So, just how much extra can you expect to pay on top of your fare to travel? While it depends on the airline you’re flying the number is about 6% on average. Sortof.
Tracking the reality of airline pricing is, at best, a gray magic sort of scenario. There are quarterly reports, annual reports and a myriad of different acronyms and categories of statistics reported. Some of the reports are required by the Department of Transportation and then aggregated and distributed by the Bureau of Transportation Statistics. Even those numbers are incomplete, however, because the reporting requirements simply have not kept pace with the flood of fees that the airlines are coming up with. So all the numbers are soft. The BTS states it rather clearly:
Revenue from seating assignments and on-board sales of food, drink, pillows, blankets, entertainment, or any other ancillary items are reported as Transport Related Revenue and cannot be identified separately.
So they cannot identify all those details but that doesn’t mean that the details are trivial. The Q2 2010 report was just released and the numbers it documents are rather impressive. The industry realize $2.1 billion in “ancillary revenue” in Q2 2010. Of that nearly $900MM of the revenue came from checked baggage fees. Another $600MM came from reservation change fees with the balance attributed to standby fees, pet carriage charges and sales of frequent flyer miles to business partners.
Putting the number in context, the total industry profits from the reporting carriers during the time period was a hair over $3 billion. If there was any doubt about just how important these fees are to the profitability of the airlines this report (along with the past few that have told similar stories) should put said doubt to rest.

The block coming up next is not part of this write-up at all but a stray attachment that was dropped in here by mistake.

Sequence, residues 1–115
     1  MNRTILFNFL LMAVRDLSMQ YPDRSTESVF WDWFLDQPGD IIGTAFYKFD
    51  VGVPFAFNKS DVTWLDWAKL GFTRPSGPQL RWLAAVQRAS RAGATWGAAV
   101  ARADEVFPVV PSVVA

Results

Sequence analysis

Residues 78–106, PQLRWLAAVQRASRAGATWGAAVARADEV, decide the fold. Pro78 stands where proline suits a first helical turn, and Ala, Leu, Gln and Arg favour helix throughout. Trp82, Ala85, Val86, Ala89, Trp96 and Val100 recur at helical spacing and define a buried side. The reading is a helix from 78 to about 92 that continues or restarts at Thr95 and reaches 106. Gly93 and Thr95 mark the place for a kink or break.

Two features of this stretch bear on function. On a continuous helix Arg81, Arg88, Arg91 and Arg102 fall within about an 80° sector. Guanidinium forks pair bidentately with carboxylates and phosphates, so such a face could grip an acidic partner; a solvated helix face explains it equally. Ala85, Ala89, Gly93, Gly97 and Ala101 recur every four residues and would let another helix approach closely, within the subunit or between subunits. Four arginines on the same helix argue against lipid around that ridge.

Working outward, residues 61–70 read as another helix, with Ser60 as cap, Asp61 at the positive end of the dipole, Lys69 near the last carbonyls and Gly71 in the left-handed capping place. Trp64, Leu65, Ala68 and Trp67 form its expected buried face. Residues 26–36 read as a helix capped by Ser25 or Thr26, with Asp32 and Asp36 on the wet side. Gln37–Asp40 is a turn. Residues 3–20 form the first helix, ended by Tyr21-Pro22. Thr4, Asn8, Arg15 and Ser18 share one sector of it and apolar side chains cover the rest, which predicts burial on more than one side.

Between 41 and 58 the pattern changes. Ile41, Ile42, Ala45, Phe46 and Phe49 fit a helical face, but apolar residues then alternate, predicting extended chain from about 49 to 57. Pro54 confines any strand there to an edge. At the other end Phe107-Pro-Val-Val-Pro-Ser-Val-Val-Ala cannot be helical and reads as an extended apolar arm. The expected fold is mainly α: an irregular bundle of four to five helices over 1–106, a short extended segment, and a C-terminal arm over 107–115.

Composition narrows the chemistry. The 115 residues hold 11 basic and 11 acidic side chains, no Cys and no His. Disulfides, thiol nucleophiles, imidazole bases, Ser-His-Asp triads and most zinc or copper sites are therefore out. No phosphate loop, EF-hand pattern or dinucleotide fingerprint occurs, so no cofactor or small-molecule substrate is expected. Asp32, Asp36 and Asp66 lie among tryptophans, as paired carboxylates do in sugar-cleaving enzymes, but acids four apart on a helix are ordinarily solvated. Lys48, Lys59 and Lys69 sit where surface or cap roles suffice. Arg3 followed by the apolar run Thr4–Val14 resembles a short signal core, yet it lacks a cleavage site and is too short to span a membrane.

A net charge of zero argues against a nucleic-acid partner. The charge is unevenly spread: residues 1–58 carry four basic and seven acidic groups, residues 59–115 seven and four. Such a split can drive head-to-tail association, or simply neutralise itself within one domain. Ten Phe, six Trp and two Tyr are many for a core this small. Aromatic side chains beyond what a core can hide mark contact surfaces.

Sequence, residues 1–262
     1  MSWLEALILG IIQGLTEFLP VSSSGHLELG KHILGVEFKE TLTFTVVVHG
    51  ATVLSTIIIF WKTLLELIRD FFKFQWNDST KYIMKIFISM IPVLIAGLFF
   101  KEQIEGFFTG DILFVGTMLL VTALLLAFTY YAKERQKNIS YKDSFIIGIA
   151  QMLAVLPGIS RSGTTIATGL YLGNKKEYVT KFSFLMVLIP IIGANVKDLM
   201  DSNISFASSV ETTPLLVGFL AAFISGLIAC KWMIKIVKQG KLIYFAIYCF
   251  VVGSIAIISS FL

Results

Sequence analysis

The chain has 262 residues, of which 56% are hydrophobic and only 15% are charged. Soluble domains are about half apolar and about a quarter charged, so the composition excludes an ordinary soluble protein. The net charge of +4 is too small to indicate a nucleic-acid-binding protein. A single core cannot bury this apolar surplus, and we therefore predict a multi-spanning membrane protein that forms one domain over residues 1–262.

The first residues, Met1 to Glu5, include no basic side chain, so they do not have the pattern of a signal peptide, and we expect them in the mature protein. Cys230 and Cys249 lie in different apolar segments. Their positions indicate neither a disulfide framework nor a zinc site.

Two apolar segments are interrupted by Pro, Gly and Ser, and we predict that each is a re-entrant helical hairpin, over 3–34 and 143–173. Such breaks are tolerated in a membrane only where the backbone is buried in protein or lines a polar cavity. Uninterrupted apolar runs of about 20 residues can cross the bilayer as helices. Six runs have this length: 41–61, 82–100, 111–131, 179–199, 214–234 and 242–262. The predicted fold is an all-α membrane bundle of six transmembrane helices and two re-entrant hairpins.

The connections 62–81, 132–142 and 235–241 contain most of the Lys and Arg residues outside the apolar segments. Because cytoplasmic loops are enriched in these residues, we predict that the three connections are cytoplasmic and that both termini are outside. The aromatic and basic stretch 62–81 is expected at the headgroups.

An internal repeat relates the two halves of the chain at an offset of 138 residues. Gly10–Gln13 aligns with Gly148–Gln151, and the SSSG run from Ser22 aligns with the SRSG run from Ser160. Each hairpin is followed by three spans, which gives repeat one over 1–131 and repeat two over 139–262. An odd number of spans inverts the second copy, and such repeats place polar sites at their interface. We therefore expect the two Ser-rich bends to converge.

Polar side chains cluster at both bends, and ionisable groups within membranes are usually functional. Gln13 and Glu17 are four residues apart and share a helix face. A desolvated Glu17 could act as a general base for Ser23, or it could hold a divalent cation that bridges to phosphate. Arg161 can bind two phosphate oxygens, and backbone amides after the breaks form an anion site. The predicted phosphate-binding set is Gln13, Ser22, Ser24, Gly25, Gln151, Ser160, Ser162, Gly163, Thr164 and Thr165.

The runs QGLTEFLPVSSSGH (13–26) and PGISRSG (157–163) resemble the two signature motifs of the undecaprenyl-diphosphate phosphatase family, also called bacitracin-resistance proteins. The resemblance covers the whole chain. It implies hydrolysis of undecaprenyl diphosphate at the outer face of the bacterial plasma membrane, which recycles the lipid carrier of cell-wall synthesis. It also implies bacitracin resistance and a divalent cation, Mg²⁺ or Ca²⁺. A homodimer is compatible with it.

As for which airlines are seeing the bulk of the profit from these fees, the usual suspects are pretty well represented. As the largest carrier in the world (for a couple more weeks) Delta is atop the list for total ancillary revenue. The soon to be largest carriers, a combined United Airlines/Continental at about half the total revenue that Delta realized in the quarter ($681MM v. $340MM combined). US Airways is holding strong in its position near the top of the list which is quite impressive, especially considering how much smaller than the other airlines it is.
There’s Southwest, coming in at $200MM in ancillary fees collected in the quarter. Sure, the may not charge for checked bags (and they love to publicize that in their commercials) but their customers are still paying plenty of fees, enough to see them above the industry average in terms of revenue from fees compared to total operating revenue (6.4% to the industry average of 6%).
And, just to make sure that they’re on the top of some list, there’s Spirit Air. The carrier realized 24.2% of its revenue in the quarter from ancillary charges. Ouch.
Of course, if the total cost is the same then no big deal but the numbers generally are not well published or particularly clear for customers meaning that the total travel cost is often not known by passengers until the trip is over, after it is too late to make a fair fare comparison. There are a few folks out there trying to help level the playing field (check out TruPrice for a pretty solid example) but it is still nearly impossible for customers effectively compare prices in advance.
Lots more numbers in the report, including fuel costs (figure ~$3.5 cents per seat mile flown, so that 2500 mile trip from New York City to Los Angeles costs the airline about $85 in fuel for your seat. Kindof hard to believe that they still sell the seats for not much more than that so often.
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